In his office at the Rue Varembé in Geneva, Henri Getaz, the secretary general of the European Free Trade Association, has a file tucked away in his desk ready for emergencies. The secret document is simply marked, and goes something like this: “Britain’s application to join EFTA.”
In the file, there is a timetable for if and when the UK decides to rejoin Efta. This is the four-nation trade alliance which includes Norway, Switzerland, Iceland and Liechtenstein, and of which Britain was a founder member in 1960. As well as its precisely prepared timings, the document includes a legal analysis of how an application to become a full member of Efta could be swiftly expedited.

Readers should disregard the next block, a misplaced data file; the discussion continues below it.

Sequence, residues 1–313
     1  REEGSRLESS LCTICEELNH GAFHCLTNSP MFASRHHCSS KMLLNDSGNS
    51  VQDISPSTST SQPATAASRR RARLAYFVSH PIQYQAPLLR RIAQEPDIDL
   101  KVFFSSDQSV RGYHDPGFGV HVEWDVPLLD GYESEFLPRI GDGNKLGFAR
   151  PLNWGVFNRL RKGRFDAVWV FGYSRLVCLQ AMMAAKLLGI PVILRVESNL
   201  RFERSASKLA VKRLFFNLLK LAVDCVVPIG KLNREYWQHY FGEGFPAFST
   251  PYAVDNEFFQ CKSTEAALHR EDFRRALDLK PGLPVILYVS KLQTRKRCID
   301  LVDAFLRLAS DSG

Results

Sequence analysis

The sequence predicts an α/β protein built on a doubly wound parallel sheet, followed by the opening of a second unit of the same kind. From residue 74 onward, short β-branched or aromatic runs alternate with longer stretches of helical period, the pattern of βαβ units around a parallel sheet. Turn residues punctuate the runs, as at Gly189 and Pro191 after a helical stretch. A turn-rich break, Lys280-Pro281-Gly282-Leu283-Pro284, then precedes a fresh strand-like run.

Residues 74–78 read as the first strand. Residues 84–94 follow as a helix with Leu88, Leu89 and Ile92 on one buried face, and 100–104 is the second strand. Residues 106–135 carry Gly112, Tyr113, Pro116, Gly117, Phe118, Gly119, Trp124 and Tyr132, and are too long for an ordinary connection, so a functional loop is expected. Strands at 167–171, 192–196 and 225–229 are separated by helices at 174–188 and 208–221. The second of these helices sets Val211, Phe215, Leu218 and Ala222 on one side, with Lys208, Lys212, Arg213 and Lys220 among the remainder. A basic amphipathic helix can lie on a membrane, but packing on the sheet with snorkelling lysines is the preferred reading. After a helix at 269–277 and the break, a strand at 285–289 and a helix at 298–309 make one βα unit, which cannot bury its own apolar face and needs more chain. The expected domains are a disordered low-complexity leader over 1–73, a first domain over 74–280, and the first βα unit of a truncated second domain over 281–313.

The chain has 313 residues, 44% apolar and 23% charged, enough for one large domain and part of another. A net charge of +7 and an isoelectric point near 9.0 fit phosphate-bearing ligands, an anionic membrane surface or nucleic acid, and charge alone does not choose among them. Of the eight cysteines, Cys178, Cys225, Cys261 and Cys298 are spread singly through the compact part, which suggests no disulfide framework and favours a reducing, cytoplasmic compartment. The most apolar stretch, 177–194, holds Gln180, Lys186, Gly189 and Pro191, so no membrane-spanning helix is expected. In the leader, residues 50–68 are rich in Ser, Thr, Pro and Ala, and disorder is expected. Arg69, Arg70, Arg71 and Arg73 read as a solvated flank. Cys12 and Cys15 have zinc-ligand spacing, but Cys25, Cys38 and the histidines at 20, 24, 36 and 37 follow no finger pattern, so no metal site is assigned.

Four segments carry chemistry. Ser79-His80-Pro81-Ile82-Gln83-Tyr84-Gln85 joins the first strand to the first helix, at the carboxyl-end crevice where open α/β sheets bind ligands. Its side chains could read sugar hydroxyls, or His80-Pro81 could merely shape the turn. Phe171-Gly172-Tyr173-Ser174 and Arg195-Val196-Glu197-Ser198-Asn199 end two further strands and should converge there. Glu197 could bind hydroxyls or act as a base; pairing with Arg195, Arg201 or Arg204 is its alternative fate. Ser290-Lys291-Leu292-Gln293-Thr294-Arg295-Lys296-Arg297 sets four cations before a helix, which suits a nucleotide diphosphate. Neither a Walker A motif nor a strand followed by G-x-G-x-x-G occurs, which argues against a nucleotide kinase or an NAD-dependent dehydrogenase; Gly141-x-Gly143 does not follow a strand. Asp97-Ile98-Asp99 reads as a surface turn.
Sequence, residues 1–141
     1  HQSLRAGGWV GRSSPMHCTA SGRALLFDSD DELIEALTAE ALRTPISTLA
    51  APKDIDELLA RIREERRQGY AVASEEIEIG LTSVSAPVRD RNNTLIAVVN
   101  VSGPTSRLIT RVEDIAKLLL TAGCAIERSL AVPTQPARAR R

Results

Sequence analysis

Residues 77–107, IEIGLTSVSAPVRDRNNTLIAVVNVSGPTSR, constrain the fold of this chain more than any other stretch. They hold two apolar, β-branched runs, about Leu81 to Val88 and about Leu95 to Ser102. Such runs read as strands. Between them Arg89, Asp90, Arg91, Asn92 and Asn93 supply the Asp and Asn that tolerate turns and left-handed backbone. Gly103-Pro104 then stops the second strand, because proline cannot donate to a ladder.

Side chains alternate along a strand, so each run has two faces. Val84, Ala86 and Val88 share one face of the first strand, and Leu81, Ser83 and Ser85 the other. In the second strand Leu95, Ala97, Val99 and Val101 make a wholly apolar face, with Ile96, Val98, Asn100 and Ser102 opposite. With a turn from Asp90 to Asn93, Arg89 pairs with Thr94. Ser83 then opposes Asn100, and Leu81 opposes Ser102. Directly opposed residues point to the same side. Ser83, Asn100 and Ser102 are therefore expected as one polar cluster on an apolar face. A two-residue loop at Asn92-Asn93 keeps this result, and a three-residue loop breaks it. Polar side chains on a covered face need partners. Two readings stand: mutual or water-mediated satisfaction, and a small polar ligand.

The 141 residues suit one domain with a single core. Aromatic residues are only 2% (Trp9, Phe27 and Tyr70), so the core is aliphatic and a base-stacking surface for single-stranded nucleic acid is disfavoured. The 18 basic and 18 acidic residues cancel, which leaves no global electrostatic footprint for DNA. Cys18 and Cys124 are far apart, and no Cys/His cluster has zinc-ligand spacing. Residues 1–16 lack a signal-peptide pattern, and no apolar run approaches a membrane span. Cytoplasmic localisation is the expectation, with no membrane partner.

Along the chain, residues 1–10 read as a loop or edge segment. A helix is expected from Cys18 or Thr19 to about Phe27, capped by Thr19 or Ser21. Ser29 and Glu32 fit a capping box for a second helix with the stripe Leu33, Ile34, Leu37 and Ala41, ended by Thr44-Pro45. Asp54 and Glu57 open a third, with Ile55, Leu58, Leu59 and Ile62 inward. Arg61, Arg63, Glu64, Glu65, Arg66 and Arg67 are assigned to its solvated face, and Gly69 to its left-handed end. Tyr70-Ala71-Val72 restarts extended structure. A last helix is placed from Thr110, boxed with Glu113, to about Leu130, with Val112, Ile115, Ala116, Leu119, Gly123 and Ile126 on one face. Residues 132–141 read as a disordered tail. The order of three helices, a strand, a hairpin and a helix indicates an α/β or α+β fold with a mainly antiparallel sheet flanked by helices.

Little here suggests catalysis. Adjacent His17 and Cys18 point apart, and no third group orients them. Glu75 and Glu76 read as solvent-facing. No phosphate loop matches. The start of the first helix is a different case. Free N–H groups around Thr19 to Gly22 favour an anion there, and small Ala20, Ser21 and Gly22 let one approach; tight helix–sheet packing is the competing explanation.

Nothing has been left out, or to chance. It’s not that the Efta secretariat boss knows something that we don’t – that the UK is on the brink of joining – but that he wants to be ready and welcoming should the UK so decide.